Indian scientists have discovered the first new species – and genus – of snake in the Western Ghats for more than a century.
Proahaetulla antiqua – a “visually unusual” vine snake – diverged from other vine snakes around 26 million years ago, and thus throws new light on their origin and evolution in Asia, they say.
The research was led by Ashok Kumar Mallik and Kartik Shanker from the Indian Institute of Science in Bangalore, and their findings are reported in the journal PLOS One.
India has around 300 species of snake, both venomous and otherwise, and on average three new ones have been recorded each year for the past decade. However, discoveries in the Western Ghats, a mountain range that stretches along the country’s west coast, have been rare.
Proahaetulla antiqua was found in the Agasthyamalai hills. It is a member of the Ahaetuliinae clade, which currently comprises the arboreal snake genera Ahaetulla, Dryophiops, Dendrelaphis and Chrysopelea, which are distributed in South and Southeast Asia.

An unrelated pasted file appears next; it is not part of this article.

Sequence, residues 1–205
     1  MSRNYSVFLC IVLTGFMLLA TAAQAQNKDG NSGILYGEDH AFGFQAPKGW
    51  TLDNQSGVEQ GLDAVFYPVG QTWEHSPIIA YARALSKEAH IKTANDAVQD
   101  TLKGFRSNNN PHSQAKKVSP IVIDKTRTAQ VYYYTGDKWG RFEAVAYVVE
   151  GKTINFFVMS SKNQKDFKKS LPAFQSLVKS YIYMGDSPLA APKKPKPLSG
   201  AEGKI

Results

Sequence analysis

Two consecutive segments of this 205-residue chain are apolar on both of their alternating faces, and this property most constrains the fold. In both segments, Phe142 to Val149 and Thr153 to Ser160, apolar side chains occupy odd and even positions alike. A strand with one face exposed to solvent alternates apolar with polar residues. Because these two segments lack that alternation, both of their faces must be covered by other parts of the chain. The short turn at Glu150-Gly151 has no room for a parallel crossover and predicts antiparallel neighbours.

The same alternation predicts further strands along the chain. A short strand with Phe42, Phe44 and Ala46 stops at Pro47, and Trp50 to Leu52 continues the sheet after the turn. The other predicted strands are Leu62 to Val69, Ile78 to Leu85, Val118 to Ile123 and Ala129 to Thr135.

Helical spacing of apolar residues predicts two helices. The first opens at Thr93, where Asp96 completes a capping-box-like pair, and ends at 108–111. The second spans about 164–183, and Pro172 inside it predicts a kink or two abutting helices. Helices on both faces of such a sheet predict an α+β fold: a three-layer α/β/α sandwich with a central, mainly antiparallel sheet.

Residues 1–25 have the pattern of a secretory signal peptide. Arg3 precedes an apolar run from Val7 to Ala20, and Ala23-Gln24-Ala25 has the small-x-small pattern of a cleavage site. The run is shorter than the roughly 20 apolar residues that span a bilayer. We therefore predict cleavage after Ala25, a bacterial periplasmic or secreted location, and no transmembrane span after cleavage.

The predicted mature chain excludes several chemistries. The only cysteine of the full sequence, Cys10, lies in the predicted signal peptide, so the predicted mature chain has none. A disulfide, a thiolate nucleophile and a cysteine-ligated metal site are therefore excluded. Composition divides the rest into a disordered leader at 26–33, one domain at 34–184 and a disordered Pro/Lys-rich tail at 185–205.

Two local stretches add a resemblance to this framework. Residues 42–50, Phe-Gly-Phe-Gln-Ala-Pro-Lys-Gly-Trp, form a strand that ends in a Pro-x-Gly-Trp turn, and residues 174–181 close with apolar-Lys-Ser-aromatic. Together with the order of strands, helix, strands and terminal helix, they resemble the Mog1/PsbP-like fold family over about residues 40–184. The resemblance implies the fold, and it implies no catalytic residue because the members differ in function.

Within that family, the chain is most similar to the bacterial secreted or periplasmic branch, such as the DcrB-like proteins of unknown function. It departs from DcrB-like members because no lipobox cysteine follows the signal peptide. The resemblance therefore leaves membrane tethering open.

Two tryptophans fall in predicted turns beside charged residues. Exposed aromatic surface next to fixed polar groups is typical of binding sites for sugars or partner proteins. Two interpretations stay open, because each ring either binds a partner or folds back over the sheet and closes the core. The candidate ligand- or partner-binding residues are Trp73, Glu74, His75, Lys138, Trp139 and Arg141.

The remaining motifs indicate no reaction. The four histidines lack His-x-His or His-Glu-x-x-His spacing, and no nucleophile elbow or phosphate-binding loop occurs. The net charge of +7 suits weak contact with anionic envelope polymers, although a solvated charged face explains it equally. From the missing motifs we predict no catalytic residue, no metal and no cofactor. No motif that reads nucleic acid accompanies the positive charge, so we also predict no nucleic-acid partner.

The Ahaetuliinae family consists of mildly venomous snakes.
Comparing the structural features of the new snake with those of other closely related vine snakes, Mallik and colleagues identified a host of distinct features that set it apart. It is 1189 millimetres long, and has a uniformly bright green body, showing a yellow to light green underside mid body.
When threatened, it reveals inter-scalar skin, coloured with a consecutive series of black and white bars that converge towards the head.
It has a greenish yellow tongue, 20 maxillary (upper) teeth, and three postocular scales lying directly behind and in contact with the eye.
“Divergence dating reveals that the new genus is ancient, dating back to the Mid-Oligocene, and is one of the oldest persisting monotypic lineages of snakes in the Western Ghats,” the researchers write.